Friday, November 17, 2006
Criminal Enforcement Directive - A Review of the Rapporteur's Report - Too Late to Lock the Stable Door?
The European Parliament's Committee on Legal Affairs is due to discuss at Monday's meeting the Rapporteur's draft report on the proposed Criminal Enforcement Directive.
Having just reviewed the English translation of the Rapporteur's Report, I would suggest that it narrows significantly the scope of the proposed Directive, but it remains a Trojan Horse for first pillar powers.
Definition for Intellectual Property - Whither a Patent?
In particular, the Rapporteur proposes a definition for intellectual property which excludes patents. The attempt to define intellectual property proved to be very controversial in the passage of the earlier Enforcement Directive, 2004/48/EC. This discord eventually led the Commission to propose its own list of intellectual property rights, 2005/295/EC. One of the reasons patents are excluded in the current report, according to the Rapporteur, is the European Parliament's rejection of the Directive on the Patentability of Computer-Implemented Inventions (Software Directive). The Rapporteur concludes that the Parliament considered it inappropriate to legislate on patents. Accordingly, he suggests that criminalising patent infringement would be "a dangerous foray into a very complex area."
The Rapporteur's report also proposes that the Directive be limited to intellectual property rights which are harmonised at the Community level, and does not include other national "intellectual property rights."
The Rapporteur's report also proposes definitions for other key phrases, including that of infringement on a commercial scale. The idea of "commercial scale" previously proved problematic during the negotiation of the Enforcement Directive. In the Enforcement Directive, the problems of definition were to some extent remedied by Recital 14. However, the definition proposed in the current Rapporteur's Report on the proposed Criminal Enforcement Directive seems considerably broader.
Does the Punishment fit the "Crime"?
The Criminal Enforcement Directive is presented on the basis of being a response to serious organised crime, the potential threat to public safety, and to the "serious threat to national economies and governments." The Rapporteur also acknowledges that "serious" intellectual property crimes can be committed outside organised crime, and therefore extends high levels of punishment to all serious crimes, rather than limiting such punitive measures to those actions committed by large criminal organisations.
On a number of occasions, the Rapporteur points out the fact that there are domestic provisions on criminal infringement in the domestic laws of many Member States, and he discusses harmonisation in this context. One intriguing point which seems to be overlooked is that the sentence of a minimum maximum of 4 years imprisonment proposed by the Criminal Enforcement Directive ignores the various sentencing rules across the Member States. In the UK, for example, the practical effect of a 4 year sentence is that the person will be eligible for release after 2 years. Therefore, it is unclear how the Commission can rely on terms like 4 years imprisonment, in the context of a harmonised approach, when it is presumed that the time served may mean quite different things for different Member States.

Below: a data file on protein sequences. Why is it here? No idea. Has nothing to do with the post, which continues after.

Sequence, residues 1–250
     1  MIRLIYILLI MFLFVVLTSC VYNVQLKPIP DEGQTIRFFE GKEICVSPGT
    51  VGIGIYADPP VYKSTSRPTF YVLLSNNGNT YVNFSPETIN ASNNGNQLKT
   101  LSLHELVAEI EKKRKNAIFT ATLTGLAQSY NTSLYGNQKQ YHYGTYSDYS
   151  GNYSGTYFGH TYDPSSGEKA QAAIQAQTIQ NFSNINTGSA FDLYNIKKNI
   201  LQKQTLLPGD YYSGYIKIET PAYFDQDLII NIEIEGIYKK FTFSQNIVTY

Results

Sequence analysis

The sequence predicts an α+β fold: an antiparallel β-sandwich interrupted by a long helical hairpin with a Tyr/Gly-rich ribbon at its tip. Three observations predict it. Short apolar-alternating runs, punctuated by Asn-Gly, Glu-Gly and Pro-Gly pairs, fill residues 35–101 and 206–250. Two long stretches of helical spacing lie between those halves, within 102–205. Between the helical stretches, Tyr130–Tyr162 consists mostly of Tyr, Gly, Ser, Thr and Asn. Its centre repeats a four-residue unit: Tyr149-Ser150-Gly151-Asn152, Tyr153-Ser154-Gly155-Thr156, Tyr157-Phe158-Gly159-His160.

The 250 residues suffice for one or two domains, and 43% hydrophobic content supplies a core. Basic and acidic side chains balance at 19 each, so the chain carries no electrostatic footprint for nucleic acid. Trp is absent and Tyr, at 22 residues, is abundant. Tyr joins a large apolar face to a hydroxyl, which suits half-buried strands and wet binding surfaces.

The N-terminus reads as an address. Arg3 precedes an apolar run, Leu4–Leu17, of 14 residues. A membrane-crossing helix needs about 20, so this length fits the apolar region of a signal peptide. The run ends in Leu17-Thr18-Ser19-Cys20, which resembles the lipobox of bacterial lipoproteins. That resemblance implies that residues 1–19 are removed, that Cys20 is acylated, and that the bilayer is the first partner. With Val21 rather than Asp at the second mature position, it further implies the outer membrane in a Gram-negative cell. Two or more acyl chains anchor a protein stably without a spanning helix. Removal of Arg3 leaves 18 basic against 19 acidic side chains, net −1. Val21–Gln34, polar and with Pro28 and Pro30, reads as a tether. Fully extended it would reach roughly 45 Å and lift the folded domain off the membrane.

Competence - Win the Horse or Lose the Saddle
Finally, on the issue of competence (see the earlier post, A Trojan Horse?), the Rapporteur's report indicates that the proposal falls within the Commission's "broad interpretation" (my emphasis) of its powers under the first pillar. The Commission has relied upon Case C176/03, Commission v Council (environmental law), to use first pillar powers to impose criminal sanctions. The Commission issued a Communication on the implications of that judgment on criminal law provisions under the first pillar. After that, there was a Resolution on 14 June 2006, where the European Parliament welcomed the ECJ's judgment, although had reservations about the Commission extending it further.
The Rapporteur takes the view that applying criminal penalties to patent rights does not seem particularly appropriate in itself, and does not follow previous actions of the European Parliament. He also concludes that there is no urgent need to intervene on criminal penalties for patent infringement. What is problematic about his position is that he doesn't come to any opinion on whether the Commission's position on broad interpretation is correct. But he does believe that the scope of the proposed Directive seems to be too broad.
It's unlikely that many Member States will find much solace on the competence issue within the Report of the Legal Affairs Committee. Although, in terms of the Directive as a whole, it provides many sensible limitations. But one can still question the necessity of the Directive at all.